If I know the time of the transaction down to the minute and the amount of Bitcoin, how can I find the transaction id (or transaction ids, assuming there is more than one)?
Is there an online blockchain query tool that will let me do this? I really don’t want to have to download the whole blockchain and run code against that.
What would be the easiest way for me to get this info?
I got a transaction still not confirmed for like 1 week, and I can see a field called Lock Time that says:
Lock Time Block: 419382 https://blockchain.info/en/tx/ea445ae61c2906d43f8f8d73cfef2caefe3d63ae504da31a6a829cc35527faf6
What does that means and how long do I have to wait until my transaction gets confirmed?
I am looking for transaction code that will have multiple output, including an opreturn that I can send to a customer as an invoice who signs the transaction.
In other words, I want to create a transaction using their account for input and they need to use their signature. Once paid, do a sendmany transaction of differing amounts to as many as 5 recipient addresses. I have not yet tried anything because all documentation assumes that I want the bitcoin to come to my bitcoin wallet, which I do not. Can anybody advise me on how to do this? Thanks!
Bitcoin is an interesting experiment that is no threat to the banking system. That's the conclusion reached by analysts at Citi Research in the latest of …
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I bought my first bitcoin at 9 dollars each so while I didn't get in at the absolute ground floor I've been following bitcoin for a longer time than most people here. Here are my current views on Bitcoin, take them with a grain of salt-
World banking events are not directly driving bitcoin price- yet. In my opinion Cyprus didn't drive up price, China didn't directly drive up price, Brexxit isn't driving up price (significantly). What did drive up the price was previous holders thinking that a price rise was imminent due to traditional currency problems. What does drive up the price is increasing numbers of people being interested in bitcoin. To become a bitcoin holder you have to 1. understand Bitcoin, and 2. see the potential for storing your value in the medium to long term. People are not running to bitcoin because they fear their own currency is sliding, they are running to bitcoin because they understand the potential. The reason I hold this belief is because bitcoin volatility is far higher than fiat volatility, if someone wants a secure store of value they run to precious metals, bonds or other currencies. It doesn't make sense that someone would would resort to bitcoin to escape value concerns when traditional alternatives already exist. If everyone believed in bitcoin as much as we do here it may be the case, but it isn't yet. I wish people would stop classing a single cause as the reason bitcoin was rising because Bitcoin is global and a tiny market so any number of things completely unrelated to financial problems are usually going to be the cause.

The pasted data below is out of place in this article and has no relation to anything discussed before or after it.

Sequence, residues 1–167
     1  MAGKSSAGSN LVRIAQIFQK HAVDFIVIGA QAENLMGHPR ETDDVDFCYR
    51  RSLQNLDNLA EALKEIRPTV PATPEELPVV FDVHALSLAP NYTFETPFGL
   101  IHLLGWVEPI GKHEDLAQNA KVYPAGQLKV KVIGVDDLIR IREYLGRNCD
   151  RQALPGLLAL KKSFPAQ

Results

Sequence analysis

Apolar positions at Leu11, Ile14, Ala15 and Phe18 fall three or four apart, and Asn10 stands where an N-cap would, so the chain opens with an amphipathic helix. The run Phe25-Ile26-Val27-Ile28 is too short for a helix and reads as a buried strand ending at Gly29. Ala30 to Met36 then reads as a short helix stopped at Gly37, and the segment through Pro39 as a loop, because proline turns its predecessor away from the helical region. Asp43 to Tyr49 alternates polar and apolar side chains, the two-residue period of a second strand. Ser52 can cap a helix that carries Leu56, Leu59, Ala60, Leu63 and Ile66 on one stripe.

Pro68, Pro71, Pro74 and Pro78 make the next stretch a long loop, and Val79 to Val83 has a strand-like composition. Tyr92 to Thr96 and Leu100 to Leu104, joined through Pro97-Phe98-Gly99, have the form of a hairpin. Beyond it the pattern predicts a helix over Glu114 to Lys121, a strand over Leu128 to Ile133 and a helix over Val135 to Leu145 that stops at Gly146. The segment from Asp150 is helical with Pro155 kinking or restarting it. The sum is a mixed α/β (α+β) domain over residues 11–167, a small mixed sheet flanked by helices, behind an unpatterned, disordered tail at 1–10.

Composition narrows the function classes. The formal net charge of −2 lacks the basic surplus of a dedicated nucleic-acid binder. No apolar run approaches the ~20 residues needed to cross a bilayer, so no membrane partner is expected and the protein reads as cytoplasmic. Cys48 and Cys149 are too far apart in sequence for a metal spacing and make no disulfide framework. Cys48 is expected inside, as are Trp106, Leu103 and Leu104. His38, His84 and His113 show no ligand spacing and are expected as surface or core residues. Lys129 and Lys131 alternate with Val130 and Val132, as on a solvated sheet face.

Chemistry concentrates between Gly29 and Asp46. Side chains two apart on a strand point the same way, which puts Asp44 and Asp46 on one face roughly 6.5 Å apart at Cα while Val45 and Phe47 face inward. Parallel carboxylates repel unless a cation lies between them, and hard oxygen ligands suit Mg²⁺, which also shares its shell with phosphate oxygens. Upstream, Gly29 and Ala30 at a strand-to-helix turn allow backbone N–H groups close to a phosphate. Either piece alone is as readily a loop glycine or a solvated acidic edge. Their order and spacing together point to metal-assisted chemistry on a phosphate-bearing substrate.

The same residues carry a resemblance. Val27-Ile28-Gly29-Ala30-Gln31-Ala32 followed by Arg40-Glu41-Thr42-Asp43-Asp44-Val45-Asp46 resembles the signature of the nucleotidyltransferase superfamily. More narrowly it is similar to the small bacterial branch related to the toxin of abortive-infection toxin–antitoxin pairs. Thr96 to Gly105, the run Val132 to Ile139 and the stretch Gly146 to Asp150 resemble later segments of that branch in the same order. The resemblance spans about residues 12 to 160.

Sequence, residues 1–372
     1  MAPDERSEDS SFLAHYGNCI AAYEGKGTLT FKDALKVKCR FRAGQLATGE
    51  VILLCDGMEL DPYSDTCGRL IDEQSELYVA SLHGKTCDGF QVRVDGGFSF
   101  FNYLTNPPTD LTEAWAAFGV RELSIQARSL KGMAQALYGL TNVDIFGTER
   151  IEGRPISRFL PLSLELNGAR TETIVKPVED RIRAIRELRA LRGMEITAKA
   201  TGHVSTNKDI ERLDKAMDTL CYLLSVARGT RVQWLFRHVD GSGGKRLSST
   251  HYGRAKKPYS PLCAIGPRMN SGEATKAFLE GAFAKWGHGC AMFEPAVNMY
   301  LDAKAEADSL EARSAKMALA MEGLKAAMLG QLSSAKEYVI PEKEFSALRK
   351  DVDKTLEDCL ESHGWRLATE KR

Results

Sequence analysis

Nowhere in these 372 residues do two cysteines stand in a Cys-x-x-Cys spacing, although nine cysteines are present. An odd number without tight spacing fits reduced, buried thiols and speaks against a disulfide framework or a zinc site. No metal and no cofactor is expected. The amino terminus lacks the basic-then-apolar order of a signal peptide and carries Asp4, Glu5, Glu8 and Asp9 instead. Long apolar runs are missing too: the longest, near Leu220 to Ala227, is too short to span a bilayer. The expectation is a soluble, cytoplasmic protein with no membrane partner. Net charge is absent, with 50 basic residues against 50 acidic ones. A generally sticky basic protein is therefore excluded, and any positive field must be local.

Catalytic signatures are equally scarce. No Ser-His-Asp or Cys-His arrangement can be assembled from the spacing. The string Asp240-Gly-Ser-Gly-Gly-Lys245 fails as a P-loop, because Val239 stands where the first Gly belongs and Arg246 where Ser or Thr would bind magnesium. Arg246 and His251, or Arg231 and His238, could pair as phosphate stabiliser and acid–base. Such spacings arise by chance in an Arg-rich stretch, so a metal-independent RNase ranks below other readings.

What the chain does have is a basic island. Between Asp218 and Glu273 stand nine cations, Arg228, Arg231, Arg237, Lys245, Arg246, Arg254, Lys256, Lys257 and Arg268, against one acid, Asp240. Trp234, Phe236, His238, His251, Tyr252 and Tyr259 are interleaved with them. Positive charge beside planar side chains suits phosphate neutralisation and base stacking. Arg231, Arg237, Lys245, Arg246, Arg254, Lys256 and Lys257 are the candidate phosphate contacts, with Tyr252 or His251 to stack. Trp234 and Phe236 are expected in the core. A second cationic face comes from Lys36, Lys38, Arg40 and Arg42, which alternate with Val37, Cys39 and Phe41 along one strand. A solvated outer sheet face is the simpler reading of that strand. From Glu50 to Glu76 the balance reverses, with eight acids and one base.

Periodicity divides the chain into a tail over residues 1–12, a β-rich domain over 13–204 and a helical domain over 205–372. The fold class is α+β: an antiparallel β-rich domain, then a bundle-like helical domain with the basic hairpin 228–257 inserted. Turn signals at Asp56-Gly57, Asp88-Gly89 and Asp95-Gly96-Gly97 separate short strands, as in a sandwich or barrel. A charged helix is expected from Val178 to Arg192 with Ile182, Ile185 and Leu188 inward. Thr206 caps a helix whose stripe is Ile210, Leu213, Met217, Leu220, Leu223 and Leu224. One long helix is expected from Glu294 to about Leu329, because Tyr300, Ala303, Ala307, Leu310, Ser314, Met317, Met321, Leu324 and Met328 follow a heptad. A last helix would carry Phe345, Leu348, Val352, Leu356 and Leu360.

The pump in the past 40 days has been caused by institution investors taking a position in bitcoin. I don't have data to prove this speculation except my own intuition – The rises happened over discrete periods, rampant buying during set times. I saw buy orders for close to a million dollars worth on the exchanges. This means someone with a lot of money was buying bitcoin inefficiently over different exchanges, they caused themselves a lot of slippage. Long term Hodlers didn't have time to liquidate their cold storage wallets. The pump caused interest in new users who bought in at the same time which explains the current consolidation as others get out. The big buyers didn't know what they were doing or they would have used OTC. I imagine the phone call went something like this- "Johnson, I've had a number of calls telling me there's potential in this Bitcoin thing, lets take a position on it"; "Eh, ok boss, we've never done this before but how much do you want"; "Start with 200 million, just get it done". The buying characteristics seems to match with someone in control of a lot of money with not a lot of knowledge and where slippage wasn't even a concern.